Equity, poverty and health for allBMJ 1997; 314 doi: https://doi.org/10.1136/bmj.314.7088.1187a (Published 19 April 1997) Cite this as: BMJ 1997;314:1187
- Kenneth C Calman, chief medical officera
- a Department of Health, London SW1A 2NS
What is health for all?
The concept of “health for all” provides a vision of what might be achieved if the potential for improving health is realised. It is about having a life with meaning–one that is particularly relevant when poverty is discussed. Many of the issues that really matter in improving the public's health come under this heading. They include the emphasis on health, the importance of equity, the relevance of partnerships, and the need to involve patients and the public in health.
The WHO was not the first to use the slogan Health For All. In 1941, Julian Huxley, in Picture Post, a weekly British magazine, wrote a prophetic article entitled “Health For All.” In it he called for “a healthy diet for all, everyone to have a chance to reach known health standards, public health as a positive service, health put on a family basis, a real family and population policy, and child welfare centres started everywhere.” The National Health Service in the United Kingdom, set up in 1948, embodied many of these principles.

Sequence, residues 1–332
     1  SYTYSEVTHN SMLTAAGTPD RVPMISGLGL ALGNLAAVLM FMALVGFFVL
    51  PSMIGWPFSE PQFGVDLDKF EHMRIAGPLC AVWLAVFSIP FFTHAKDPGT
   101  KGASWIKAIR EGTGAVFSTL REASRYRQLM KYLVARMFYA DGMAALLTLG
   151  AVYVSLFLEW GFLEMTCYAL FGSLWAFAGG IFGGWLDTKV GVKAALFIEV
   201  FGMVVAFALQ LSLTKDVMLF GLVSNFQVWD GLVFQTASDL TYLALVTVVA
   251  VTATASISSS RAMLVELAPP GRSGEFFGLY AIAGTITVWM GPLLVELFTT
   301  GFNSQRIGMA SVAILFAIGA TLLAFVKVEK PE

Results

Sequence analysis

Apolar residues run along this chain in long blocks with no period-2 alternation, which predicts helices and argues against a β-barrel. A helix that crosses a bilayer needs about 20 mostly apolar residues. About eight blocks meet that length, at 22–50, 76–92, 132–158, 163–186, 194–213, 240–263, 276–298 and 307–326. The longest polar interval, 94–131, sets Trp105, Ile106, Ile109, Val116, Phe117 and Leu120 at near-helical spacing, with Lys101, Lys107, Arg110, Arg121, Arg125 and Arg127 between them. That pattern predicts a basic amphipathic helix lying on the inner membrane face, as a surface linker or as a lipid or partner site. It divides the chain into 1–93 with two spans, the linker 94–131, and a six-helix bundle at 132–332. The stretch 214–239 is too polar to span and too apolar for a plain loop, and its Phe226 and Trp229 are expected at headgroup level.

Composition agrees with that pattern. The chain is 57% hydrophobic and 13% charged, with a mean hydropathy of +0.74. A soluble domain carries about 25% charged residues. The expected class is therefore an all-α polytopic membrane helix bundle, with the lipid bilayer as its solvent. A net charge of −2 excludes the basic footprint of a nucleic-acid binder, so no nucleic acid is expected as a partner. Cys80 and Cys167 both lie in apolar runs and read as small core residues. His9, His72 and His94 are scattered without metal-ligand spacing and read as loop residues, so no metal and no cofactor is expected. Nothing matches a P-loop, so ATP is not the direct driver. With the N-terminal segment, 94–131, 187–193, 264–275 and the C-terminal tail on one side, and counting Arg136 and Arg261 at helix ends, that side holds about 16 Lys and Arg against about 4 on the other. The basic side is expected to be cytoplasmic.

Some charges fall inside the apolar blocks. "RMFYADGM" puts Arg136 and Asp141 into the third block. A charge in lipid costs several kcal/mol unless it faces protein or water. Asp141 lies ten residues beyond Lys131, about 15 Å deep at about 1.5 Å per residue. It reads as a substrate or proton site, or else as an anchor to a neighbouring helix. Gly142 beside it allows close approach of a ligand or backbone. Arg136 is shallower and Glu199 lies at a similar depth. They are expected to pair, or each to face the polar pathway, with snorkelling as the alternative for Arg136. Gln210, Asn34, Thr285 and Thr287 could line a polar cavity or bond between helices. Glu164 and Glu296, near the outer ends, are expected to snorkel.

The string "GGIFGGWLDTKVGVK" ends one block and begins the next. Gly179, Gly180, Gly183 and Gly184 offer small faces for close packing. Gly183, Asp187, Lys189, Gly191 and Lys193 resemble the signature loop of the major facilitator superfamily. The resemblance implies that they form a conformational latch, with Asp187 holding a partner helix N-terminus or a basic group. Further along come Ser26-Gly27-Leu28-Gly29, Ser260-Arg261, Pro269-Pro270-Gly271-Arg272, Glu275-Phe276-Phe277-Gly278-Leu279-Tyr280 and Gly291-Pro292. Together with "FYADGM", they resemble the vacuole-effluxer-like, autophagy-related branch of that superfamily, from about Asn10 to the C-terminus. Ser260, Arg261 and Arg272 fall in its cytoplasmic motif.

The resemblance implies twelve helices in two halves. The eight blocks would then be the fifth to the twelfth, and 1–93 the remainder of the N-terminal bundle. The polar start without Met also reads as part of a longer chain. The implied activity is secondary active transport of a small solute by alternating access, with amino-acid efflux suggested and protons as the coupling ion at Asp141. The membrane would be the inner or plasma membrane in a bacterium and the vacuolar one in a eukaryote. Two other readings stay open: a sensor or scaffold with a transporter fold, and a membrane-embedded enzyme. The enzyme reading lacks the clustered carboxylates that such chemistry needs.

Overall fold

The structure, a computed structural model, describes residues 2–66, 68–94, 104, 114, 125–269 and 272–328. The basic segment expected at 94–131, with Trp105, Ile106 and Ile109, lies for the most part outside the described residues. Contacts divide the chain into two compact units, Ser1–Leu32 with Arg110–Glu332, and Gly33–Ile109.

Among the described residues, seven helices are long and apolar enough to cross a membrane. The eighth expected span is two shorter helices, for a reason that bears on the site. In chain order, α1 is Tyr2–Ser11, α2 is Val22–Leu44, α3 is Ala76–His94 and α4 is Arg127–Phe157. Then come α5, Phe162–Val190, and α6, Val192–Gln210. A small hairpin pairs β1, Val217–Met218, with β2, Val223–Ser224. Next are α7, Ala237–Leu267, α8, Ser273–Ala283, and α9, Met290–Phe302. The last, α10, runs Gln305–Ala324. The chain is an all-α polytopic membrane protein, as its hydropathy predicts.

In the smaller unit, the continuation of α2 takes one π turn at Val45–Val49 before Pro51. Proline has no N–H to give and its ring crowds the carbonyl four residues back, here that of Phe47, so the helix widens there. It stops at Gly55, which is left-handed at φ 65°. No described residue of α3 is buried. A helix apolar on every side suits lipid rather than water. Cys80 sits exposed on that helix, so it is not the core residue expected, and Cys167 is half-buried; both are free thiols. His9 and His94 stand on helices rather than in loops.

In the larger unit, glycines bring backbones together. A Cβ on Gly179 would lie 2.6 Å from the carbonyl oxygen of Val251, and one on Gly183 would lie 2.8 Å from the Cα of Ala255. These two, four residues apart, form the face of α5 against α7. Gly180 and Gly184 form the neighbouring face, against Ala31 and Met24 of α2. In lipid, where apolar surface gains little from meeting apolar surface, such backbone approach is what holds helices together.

The WHO Health for All initiative began in Almaty, Kazakstan, in 1978 with a declaration that emphasised the importance of equity, economic and social development, and of participation by the people in the process of improving health–and the crucial role of primary care. It encouraged each country to formulate national policies and strategies for health. To those who were around at the time it was a period of great vision and aspirations. The regions of the WHO took up the challenge, and in 1984 the European region launched the 38 targets for the region as a whole. The WHO is in the process of revitalising the strategy–a revised version will be completed by 1998. Around the world new ideas are being considered which will take Health for …
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